"It was probably as the sun was beginning to decline in the horizon that Jesus and the other ten disciples descended once more over the Mount of Olives into the Holy City. Before them lay Jerusalem in her festive attire. All around, pilgrims were hastening towards it. White tents dotted [the] sward, gay with the bright flowers of early spring, or peered out from the gardens or the darker foliage of the olive plantations. From the gorgeous Temple buildings, dazzling in their snow-white marble and gold, on which the slanting rays of the sun were reflected, rose the smoke of the Altar of Burnt-offering. These courts were now crowded with eager worshippers, offering for the last time, in the real sense, their Paschal Lambs. The streets must have been thronged with strangers, and the flat roofs covered with eager gazers, who either feasted their eyes with a first sight of the sacred City for which they had so often longed, or else once more rejoiced in view of the well-known localities. It was the last day-view which the Lord could take, free and unhindered, of the Holy City till His Resurrection. Once more in the approaching night of His Betrayal, would He look upon it in the pale light of the full moon. He was going forward to accomplish His Death in Jerusalem; to fulfil type and prophecy, and to offer Himself up as the true Passover Lamb the Lamb of God, which taketh away the sin of the world." [9]
Jesus entered Jerusalem and celebrated the Passover with His disciples. This story is so familiar to us, that we need not dwell further upon it here. We know how He led them to the Garden of Gesthemane to pray, how He was betrayed by Judas, arrested, and taken before Caiaphas and Annas that night, before the whole Sanhedrin in the morning; we know how He was shuttled from Pilate to Herod to Pilate again, how He was mocked and scourged, crowned with thorns, crucified.

John tells us that it was "the third hour" of the day when Jesus was crucified, and "the ninth hour" when he died. These times correspond to about 9 a.m. and 3 p.m. in our reckoning. Between the sixth hour and the ninth, darkness fell upon the land, an unnatural darkness, since it was the middle of the afternoon. At 3 p.m., when Jesus uttered the cry "Father, into Thy hands I commit My spirit," and died, the veil in the Temple, separating the Holy of Holies from the rest of the Temple, was rent in two, the ground shook, and rocks split. If you had been in Jerusalem at this time, it certainly would have gotten your attention. And if you had been in Jerusalem at that time, what would you have been doing? Very likely, you would have been at the Temple sacrificing your Passover Lamb. Remember that according to Judean reckoning, this day, Friday, was the 14th of Nisan, and precisely at the time that Jesus died the second round of sacrifices was taking place at the Temple.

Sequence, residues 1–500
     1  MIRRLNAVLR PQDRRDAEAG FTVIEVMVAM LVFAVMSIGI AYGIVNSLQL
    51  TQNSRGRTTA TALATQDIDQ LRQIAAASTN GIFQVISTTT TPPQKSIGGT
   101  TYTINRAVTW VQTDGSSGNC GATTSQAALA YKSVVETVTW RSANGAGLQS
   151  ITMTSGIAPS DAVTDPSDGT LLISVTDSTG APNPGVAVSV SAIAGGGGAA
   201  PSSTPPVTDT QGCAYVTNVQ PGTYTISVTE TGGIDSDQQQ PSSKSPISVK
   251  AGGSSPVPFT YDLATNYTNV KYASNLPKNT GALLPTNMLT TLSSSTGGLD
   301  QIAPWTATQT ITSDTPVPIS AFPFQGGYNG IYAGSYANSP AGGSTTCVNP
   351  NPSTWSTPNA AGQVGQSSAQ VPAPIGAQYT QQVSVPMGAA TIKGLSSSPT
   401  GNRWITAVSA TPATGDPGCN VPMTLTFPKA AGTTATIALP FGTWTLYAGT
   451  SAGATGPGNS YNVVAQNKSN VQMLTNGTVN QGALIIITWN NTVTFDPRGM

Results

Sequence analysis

Perhaps for you, as a follower of Jesus, staring up at your Lord on the cross, this is the moment that things came together for you. Perhaps it was at this moment that you recalled the utterance of John the Baptist as he beheld Jesus coming toward him, at that one moment in history when commemoration and prophecy came together: "Behold, the Lamb of God, who takes away the sin of the world!" Perhaps you stood there as the Roman centurion broke the legs of the man crucified to Jesus's right, then those of the man crucified to his left, but did not break the legs of the Lord. And perhaps you remembered the prescription for the Passover Lamb in Exodus 12: "...nor are you to break any bone of it." Perhaps this got you to thinking and you remembered how the Passover Lamb was to be selected on the 10th day of Nisan, and watched over until the 14th, to assure its purity. You count back...and realize that the 10th of Nisan this year was the day Jesus entered Jerusalem, offering Himself up for sacrifice. You remember how the Pharisees and Saduccees challenged and quizzed Him, looking for a flaw, trying to catch Him in a trap--and you remember how perfectly He responded, how blamelessly He answered. Even Pilate declared, "I find no guilt in this man."

You remember that Peter and John were the ones Jesus sent into Jerusalem to sacrifice the lamb for your last Passover with your Lord. You wonder if Peter and John have realized what you have just realized. Years later, perhaps you would read what Peter had written: " were not redeemed with perishable things like silver or gold from your futile way of life inherited from your forefathers, but with precious blood, as of a lamb unblemished and spotless, the blood of Christ." And still later, John would receive a vision of the glory of this Lamb: "And I saw between the throne...and the elders a Lamb standing, as if slain...and I looked, and I heard the voice of many angels around the throne and the living creatures and the elders; and the number of them was myriads of myriads, and thousands of thousands, saying with a loud voice, 'Worthy is the Lamb that was slain to receive power and riches and wisdom and might and honor and glory and blessing.' And every created thing which is in heaven and on the earth and under the earth and on the sea, and all things in them, I heard saying, 'To Him who sits on the throne, and to the Lamb, be blessing and honor and glory and dominion forever and ever.' " It is fitting--is it not?--that the only two apostles who wrote about Jesus as the Lamb are the very two He sent to prepare the Passover lamb that day. The powerful significance of the Passover feast was not lost on Peter and John.

After Jesus had died, Joseph of Arimathea went to Pontius Pilate to ask for His body. Pilate was surprised, Mark tells us, to hear that Jesus had died so quickly. Part of the humiliation and agony of crucifixion was that it generally took two or three days for a crucified man to die. Jesus was a young man, accustomed to the strenuous walking required to travel by foot around Palestine. How is it that He died in such a short time?